Has this happened to you? You’ve been deeply engaged in a series of discussions with a great new potential partner. All is going incredibly well: competitive advantages have been clearly articulated; the mutual benefit to collaboration is obvious to both parties; all lights are green and you are eager to move on past talk and into action. Then, you realize you will have to capture the complexities of your marathon conversations into written form to jumpstart the official partnership and set you up operationally for success — but, you don’t know the best way to get started.

We at Conveners.org encourage peer sharing of tips and best practices of this sort, and last month hosted a webinar to provide the space for conveners to share their partnership success stories and challenges, and to learn from one another how to more effectively engage partners. During the call, the following were identified as the five foundational elements needed to structure effective partnerships from the start:

  • Time: One best practice is to agree on the timeline for collaboration; articulate due dates for specific deliverables, and which organization is responsible for the deliverable.  Gantt Charts and similar project management tools can help visualize the timeline.
  • Money: Confirm how much funding will be required of each partner and how much money, if any, each partner is contributing. This includes in-kind donations and venue contributions.
  • Talent: Discuss if a specific expertise is required to fulfill the partnership. This can include graphic design, software development, accounting, legal services, or other special expertise. Understand whether a very specific staff member will be required to dedicate time to the partnership.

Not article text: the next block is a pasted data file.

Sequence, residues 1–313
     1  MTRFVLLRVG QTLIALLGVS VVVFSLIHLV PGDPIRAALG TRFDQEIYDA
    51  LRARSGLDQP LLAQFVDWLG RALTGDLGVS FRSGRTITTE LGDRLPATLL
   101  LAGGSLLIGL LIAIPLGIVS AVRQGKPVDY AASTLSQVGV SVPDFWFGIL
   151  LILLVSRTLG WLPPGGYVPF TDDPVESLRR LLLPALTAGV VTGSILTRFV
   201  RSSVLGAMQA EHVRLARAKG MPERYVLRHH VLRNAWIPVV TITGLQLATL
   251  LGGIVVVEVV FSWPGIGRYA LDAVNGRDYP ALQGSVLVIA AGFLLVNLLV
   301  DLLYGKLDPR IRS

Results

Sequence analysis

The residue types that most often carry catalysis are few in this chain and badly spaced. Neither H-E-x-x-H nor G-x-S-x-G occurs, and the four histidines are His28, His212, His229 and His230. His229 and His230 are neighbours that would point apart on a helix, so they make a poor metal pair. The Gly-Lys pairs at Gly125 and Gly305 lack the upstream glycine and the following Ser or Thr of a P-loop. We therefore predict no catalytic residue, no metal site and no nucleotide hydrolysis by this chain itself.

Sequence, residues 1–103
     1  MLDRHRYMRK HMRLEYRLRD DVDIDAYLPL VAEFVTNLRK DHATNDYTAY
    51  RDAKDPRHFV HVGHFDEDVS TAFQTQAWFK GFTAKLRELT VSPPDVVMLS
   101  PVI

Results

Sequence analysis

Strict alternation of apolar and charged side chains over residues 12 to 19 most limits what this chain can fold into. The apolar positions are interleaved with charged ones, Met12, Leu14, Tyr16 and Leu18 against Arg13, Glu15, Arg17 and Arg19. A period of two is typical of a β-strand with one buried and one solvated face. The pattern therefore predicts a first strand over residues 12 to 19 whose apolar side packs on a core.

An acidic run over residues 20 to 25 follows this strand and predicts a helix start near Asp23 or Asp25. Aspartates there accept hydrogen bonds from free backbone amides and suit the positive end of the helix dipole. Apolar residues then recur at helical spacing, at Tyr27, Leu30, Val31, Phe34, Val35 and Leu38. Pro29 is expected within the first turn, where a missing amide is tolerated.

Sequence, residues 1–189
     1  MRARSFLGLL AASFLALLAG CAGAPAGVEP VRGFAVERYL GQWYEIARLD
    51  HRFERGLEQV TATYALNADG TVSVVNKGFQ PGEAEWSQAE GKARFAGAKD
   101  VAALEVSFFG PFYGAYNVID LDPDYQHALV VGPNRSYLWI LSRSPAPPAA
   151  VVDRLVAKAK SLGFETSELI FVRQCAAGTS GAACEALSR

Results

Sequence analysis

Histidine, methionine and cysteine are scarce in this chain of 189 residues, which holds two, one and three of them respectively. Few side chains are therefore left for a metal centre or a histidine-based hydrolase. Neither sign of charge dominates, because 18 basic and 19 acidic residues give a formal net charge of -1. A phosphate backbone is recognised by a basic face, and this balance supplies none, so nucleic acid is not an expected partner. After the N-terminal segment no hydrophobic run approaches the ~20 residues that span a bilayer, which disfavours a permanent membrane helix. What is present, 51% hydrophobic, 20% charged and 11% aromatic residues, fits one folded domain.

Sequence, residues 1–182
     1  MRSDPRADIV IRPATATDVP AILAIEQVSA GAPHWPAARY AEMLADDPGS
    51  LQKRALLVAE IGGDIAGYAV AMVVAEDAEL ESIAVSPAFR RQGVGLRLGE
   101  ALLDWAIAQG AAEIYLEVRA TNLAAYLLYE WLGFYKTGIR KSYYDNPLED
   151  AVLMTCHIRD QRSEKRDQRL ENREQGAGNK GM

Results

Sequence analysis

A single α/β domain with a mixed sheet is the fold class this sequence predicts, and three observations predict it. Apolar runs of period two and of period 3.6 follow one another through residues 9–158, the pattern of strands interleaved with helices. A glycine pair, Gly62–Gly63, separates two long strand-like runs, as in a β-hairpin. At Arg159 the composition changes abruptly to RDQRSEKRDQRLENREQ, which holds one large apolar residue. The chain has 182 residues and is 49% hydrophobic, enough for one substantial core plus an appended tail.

• Brand Association: Identify how each partner will use the other partner’s brand. This is especially relevant with the use of brand logos for events and event promotion. Try to discuss this in advance of an actual event.
  • Exposure and Community Outreach: Agree to what, if any, community outreach or media exposure is included in the partnership. It can be critical that you get the word out to enough people about a particular event; setting up these parameters ahead of time will save you time in the long run.

In addition to these tips to kick off an effective partnership, the group collaboratively produced a partnership agreement template (MOU) that can be used as a starting point by anyone in the community to guide effective collaborations between organizations. The end result will also be freely accessible through creative commons.

Do you have tips on how to best set up a new partnership?  Let us know by posting below.

Image Credit: Professor Ruiz via Flickr